In My Ideal World, This is How I’d Like To Communicate With My Teenage Daughter.

Blog post Larissa Dann.  17 October 2016                                  Shutterstock

Parenting a teenager can be tricky. On the one hand, there is the excitement, humour, passion and freshness of the emerging adult living with you.  On the other hand, there are the eye rolls, the ‘go away’s, (followed immediately by the ‘come here’s), and the silences.  How do you guide your teen gently to adulthood, when inside you might just want to scream?  How do you maintain a relationship of mutual respect?

I am helped when I try imagining life from my adolescent’s point of view. Then I realise that, sometimes, it’s even trickier to be a teenager. They may be as confused as us at their responses and feelings. Their brain is changing, and as a result they sometimes misread our emotions

An Open Letter to My Teen Daughter Who Is In The Next Room” (the Letter), describes parenting dilemmas familiar to many of us. Here is a mother who clearly loves her daughter. At the time of writing the Letter, however, she seems quite frustrated with many aspects of her teenager’s behaviour. 

After reading the piece, I wondered - how would the author’s adolescent daughter perceive her mother’s messages?  Would she find the sentiments humorous, or hurtful? How would such a letter affect their relationship?

This became my challenge.  If I were the ideal parent (which I’m not – just ask my kids!), how might I talk with this imagined adolescent daughter about the issues outlined in the Letter?  

So, I tried rephrasing the Letter with communication skills from the practical parenting approach of Parent Effectiveness Training (PET).  (You can read the full ‘translation’ of the Letter to PET language here.)

To help you visualise the scenarios, I urge you to read ‘An Open Letter’ first (it’s short!).  Then have a look at the skills and principles of PET, which describes the language and approach used in this shortened version of the ‘translation’.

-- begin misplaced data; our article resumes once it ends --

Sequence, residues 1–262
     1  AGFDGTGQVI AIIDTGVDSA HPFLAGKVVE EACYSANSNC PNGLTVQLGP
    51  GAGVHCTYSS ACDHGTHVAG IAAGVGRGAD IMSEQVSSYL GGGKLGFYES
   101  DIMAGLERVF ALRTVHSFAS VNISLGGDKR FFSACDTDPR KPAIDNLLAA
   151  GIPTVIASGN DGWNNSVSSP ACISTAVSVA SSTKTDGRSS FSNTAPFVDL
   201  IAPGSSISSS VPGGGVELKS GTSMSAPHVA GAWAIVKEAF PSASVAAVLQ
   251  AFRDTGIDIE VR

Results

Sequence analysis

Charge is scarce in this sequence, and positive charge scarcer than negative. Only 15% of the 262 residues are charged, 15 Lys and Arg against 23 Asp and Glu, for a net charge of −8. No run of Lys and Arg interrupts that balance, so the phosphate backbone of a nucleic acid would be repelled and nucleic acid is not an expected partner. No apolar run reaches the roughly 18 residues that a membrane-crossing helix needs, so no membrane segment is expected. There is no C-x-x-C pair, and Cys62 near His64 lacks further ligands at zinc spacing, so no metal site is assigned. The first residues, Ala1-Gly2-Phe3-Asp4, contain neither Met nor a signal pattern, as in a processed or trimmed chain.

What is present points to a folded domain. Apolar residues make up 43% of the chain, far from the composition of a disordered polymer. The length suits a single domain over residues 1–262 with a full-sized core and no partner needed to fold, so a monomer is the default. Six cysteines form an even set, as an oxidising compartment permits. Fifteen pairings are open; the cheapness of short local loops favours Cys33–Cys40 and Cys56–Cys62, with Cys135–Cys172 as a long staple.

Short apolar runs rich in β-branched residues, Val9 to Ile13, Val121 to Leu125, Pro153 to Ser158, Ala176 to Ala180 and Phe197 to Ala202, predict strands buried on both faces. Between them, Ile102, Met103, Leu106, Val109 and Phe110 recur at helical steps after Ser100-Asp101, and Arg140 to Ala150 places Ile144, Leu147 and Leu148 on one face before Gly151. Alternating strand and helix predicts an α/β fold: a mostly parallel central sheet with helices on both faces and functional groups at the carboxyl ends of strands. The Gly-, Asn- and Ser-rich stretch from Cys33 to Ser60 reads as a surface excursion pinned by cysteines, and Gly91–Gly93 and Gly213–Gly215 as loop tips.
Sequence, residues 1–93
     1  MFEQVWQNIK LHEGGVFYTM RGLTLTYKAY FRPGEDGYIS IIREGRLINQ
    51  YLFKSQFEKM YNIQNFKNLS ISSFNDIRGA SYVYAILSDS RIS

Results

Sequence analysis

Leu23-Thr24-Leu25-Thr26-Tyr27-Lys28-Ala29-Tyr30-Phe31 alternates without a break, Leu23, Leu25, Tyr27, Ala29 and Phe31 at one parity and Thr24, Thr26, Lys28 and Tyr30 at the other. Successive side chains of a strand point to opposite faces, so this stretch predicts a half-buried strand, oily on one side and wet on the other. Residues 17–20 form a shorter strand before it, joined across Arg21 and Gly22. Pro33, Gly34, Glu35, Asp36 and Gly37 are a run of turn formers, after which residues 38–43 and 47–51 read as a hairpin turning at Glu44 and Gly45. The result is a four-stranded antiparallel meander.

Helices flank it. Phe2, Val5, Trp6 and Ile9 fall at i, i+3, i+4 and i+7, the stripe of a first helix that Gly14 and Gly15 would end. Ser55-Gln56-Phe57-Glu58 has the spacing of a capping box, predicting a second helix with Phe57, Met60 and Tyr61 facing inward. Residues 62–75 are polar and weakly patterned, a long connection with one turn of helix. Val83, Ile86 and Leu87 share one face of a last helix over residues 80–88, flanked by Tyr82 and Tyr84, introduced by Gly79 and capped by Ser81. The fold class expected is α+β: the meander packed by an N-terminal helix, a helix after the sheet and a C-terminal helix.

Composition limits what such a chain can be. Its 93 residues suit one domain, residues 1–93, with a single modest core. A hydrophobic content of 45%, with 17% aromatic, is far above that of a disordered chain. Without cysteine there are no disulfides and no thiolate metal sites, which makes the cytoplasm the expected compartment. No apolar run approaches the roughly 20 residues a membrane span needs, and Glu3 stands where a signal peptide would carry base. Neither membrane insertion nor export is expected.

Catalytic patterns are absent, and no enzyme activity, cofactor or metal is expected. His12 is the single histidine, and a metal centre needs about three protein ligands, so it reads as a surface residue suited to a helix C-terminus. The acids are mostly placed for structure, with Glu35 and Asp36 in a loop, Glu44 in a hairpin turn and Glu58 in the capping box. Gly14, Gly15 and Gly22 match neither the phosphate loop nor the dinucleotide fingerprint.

As you read each article, you may find it helpful to ask yourself these questions:

  • How would I feel if I were the mother?” followed by the challenging question,
  • How would I feel if I were her daughter?” Then, as you finish each article,
  • How would we feel about each other, and our relationship?

In My Imagination - The Letter, Rephrased, Then Put Into Action.

 “My Darling Girl,

I have a problem (well, a few, really), and I’m wondering if you could help me?  I’d like to find time to sit with you, so that we can discuss what is happening, and see if we can come up with some solutions.  Together.  I want to hear what you have to say, and I hope you will listen to my concerns.  And then we can both decide on the best solution.

I know that in the past, I have told you what to do.  I have used sarcasm, I have ordered you, I have not listened when you said “yes, but  . . .”, or rolled your eyes.  Now, I would like to try things a bit differently. Our relationship matters to me, and I hope that by changing the way I talk with you, and listen to you, we may feel even closer than we are now. I genuinely want to hear your side, and find a solution where we will both be happy.

This process is flexible.  We might decide something today that, when we put it into practice, we find isn’t working. But that’s OK, because we can come back and try to work it out”

Once I have my imagined daughter’s (probably sceptical) agreement, we find a time to talk that suits us both.

Before I start, one of the first things I have to do is let go of my expectation that she will change her behaviour, or change immediately. I resign myself to not addressing my list of issues in one go, and recognise that this process may take several discussions.

My daughter and I sit at the dining table. I begin to outline my concerns with an I-Message, and then ready myself to shift gears, before moving into problem solving. Importantly, I must avoid ‘you messages’, because my daughter is likely to experience them as blameful, and they may harm our relationship.   

I have a piece of paper with me, and explain that the paper is for us to write down our issues, and our solutions. 

“I have a number of concerns about the way the household is running at the moment”, I say. “Could we list them so that we can clearly see what we need to discuss?  Would you like to do the writing?”

She eyes me. “Sure”, she says.  “But you’re not the only one who has some issues.  I have a list of my own, you know.”

“Oh. OK.  You’re irritated that I’m only talking about my stuff, and you’d like to put your annoyances on the table too.” I have shifted gears by active listening to her feelings, and the facts.